A rally for tolerance will be held today in Jerusalem under the banner “A city suffused with light,” in memory of Shira Banki, the 16-year old girl murdered at the city’s Gay Pride Parade. Mayor Nir Barkat was featured as the keynote speaker in every announcement of this event, organized by the Jerusalem Open House for Pride and Tolerance, with the help of the Jerusalem municipality and in coordination with the Banki family. I don’t know whose idea it was to feature the mayor so prominently and it doesn’t really matter. In his speech Barkat has to provide some explanations - no more hollow words about the unified city, which in fact is divided and torn; no more empty words about tolerance and acceptance of the other; and no expressions of fake contrition that aren’t backed up by action. What is required of you, honorable mayor, is to provide explanations.
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It’s time to explain why you didn’t cut short your vacation abroad when a horrific hate crime was committed in the heart of the city you lead. Maybe you could explain why some of your spokesmen said you were on vacation while others said you were on an official visit. It’s your turn to tell us why the rally at Zion Square, attended by President Reuven Rivlin, was beneath your dignity. You must tell your city’s inhabitants why you sent your deputies to mumble some of your office’s insufficient explanations, why you abandoned them to contend with the crowd that angrily, and justifiably, cut off their words with cries of: “Where is the mayor?”
It’s time you explained why you haven’t visited the Open House even once since you assumed office. Ehud Olmert, who as mayor was the closest political ally of the ultra-Orthodox community, came when he was invited.
Mayor Barkat, it’s time you explained why members of the Open House had to beg for years, to no avail, to be granted positions for social workers at the community center. Only after the murderous attack that made waves around the world were three social workers quickly dispatched there.
You must explain why, before the stabbing occurred, members of the Open House had to plead to be paid any attention. We need to know why it took 10 petitions until funding owed by law to Jerusalem’s gay community started arriving. Can you explain away the endless bureaucracy? Can you say why it is that after 17 years of activity and undeniable contributions to society, including the daily saving of lives, the Open House must still go begging in order to maintain its physical presence in a rented office, instead of in a permanent home?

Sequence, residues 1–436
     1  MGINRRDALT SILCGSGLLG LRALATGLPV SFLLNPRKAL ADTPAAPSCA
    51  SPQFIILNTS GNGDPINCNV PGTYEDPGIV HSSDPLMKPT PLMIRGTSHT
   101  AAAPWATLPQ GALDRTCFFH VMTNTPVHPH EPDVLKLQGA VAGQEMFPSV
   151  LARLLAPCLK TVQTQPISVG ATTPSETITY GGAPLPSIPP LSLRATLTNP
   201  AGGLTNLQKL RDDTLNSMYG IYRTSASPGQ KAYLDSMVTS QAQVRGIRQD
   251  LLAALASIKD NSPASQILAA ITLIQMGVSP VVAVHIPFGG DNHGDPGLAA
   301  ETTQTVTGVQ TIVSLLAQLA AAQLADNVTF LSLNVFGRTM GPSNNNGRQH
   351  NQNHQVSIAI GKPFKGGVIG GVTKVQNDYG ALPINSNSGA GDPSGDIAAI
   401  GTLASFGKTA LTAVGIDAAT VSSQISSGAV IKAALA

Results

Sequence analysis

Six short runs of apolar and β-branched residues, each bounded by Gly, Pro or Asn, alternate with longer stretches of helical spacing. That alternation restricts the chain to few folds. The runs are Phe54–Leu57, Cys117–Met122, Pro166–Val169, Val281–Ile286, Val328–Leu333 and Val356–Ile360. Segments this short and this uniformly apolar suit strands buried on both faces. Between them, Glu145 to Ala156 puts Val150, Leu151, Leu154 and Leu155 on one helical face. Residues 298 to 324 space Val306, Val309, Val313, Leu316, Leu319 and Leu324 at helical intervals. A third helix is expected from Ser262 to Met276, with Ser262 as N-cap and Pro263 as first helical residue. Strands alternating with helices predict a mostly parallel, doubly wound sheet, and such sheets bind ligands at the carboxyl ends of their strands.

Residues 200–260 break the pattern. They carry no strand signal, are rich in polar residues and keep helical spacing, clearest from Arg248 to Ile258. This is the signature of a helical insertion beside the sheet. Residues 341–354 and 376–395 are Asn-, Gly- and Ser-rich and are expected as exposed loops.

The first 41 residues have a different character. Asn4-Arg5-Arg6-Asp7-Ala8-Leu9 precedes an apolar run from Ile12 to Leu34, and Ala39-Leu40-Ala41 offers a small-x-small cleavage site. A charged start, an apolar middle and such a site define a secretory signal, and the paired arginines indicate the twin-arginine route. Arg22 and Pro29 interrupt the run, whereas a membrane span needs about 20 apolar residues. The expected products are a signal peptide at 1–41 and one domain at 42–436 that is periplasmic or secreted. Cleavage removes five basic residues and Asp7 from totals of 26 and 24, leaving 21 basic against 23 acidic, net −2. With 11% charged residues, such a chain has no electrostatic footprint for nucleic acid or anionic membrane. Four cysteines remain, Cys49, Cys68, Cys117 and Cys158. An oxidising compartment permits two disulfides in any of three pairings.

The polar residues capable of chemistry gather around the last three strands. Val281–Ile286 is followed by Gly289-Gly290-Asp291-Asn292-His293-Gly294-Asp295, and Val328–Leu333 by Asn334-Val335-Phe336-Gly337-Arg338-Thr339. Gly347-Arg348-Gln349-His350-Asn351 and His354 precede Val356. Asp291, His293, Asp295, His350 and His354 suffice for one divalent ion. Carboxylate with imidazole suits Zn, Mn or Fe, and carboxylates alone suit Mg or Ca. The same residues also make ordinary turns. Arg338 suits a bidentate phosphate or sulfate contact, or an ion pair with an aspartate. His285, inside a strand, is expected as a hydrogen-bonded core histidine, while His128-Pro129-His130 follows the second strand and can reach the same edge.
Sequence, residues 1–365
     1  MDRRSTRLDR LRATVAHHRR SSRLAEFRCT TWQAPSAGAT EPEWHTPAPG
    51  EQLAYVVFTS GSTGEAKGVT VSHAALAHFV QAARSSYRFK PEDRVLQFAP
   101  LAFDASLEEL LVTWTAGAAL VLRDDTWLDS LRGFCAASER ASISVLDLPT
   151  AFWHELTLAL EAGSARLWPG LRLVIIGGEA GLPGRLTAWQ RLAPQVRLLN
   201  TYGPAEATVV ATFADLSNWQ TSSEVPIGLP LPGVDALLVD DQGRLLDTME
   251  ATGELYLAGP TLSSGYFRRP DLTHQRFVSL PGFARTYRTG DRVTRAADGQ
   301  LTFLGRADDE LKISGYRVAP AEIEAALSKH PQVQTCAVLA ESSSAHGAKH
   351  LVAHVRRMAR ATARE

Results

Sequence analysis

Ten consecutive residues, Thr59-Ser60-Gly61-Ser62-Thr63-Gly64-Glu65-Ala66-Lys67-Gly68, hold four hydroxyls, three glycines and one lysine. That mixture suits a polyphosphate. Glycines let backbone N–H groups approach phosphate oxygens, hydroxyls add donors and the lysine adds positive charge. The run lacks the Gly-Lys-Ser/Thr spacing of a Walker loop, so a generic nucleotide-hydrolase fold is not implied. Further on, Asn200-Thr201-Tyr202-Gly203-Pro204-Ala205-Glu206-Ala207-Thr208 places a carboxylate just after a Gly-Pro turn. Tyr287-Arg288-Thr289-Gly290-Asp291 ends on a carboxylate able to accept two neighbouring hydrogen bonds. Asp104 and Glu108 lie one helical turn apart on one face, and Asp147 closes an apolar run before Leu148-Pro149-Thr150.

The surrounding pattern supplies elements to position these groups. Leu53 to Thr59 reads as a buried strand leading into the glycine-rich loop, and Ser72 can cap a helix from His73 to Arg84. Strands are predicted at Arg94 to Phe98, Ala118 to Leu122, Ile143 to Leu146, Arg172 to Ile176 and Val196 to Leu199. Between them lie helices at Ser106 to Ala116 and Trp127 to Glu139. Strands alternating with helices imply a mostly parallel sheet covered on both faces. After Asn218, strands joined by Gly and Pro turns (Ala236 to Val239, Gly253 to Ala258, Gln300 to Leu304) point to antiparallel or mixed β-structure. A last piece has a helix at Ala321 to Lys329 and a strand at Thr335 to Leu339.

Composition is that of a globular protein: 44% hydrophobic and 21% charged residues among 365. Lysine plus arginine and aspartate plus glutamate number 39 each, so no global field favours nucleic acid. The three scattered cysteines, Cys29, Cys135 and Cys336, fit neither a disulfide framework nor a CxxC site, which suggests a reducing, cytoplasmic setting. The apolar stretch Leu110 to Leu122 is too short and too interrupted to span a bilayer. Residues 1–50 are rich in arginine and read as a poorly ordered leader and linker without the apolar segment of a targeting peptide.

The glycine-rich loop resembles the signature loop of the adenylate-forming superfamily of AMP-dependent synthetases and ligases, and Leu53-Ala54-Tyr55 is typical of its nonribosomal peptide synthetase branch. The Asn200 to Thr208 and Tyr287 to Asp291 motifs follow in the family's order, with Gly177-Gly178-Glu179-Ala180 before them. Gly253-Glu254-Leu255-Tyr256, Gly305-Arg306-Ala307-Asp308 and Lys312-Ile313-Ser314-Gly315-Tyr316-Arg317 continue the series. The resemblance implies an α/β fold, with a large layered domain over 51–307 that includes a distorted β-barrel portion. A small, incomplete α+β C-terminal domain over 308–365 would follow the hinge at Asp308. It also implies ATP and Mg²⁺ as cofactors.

What did you learn from the spilled blood and how do you use your influence to stop the ongoing incitement against the gay community in your city? Why aren’t you silencing City Council members who are trying to block the implementation of a decision made to allow the Open House to send speakers to schools? Why do you and your people, who aren’t ignoring the blood that was shed, ignore the incitement to violence that is occurring daily in the public sphere and in your city’s streets?
It’s time you told us why two men can’t walk hand-in-hand in the city, a week after the murder, and why a transgender woman will find it hard to be treated with respect by municipal officials?
Why does the Lehava anti-gay organization still run wild in the streets, and how is that gays are still beaten up outside their clubs? One of these people narrowly escaped serious injury or worse when a broken bottle was thrown at him as he was fleeing through the streets of the Nahalat Shiv’a neighborhood.
I have low expectations of you, Mayor Barkat. You have disappointed me and my generation, who have left the city in droves, even while staying active in social and cultural affairs in the city in which we grew up. I still believe you’re not homophobic and that you’re a liberal who supports the rights of the gay community. It’s time to come out of the closet as such. The gay community in Jerusalem and the entire country needs this to happen. The path is very simple – no more empty speeches, only explanations.
The writer is a gay activist and former member of the governing committee of the Open House in Jerusalem.